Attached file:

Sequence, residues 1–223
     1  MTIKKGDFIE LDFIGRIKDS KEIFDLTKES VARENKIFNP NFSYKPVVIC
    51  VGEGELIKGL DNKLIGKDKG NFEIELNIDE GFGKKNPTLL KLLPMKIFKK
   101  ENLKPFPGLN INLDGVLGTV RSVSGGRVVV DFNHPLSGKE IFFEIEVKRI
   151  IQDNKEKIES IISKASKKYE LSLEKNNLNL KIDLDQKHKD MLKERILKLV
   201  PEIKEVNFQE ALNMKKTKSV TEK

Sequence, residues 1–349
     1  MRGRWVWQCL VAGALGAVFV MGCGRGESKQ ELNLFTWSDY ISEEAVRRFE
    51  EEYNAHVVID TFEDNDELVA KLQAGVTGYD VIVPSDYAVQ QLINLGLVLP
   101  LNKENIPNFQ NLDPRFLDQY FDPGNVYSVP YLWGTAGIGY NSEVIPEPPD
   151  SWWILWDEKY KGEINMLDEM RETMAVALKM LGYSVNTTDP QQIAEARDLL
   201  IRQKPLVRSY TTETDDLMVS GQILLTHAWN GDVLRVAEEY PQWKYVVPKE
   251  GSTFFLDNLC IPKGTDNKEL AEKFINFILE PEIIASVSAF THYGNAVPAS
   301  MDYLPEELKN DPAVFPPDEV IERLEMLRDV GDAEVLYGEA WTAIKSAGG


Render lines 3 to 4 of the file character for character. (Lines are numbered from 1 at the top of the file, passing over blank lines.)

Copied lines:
    51  VGEGELIKGL DNKLIGKDKG NFEIELNIDE GFGKKNPTLL KLLPMKIFKK
   101  ENLKPFPGLN INLDGVLGTV RSVSGGRVVV DFNHPLSGKE IFFEIEVKRI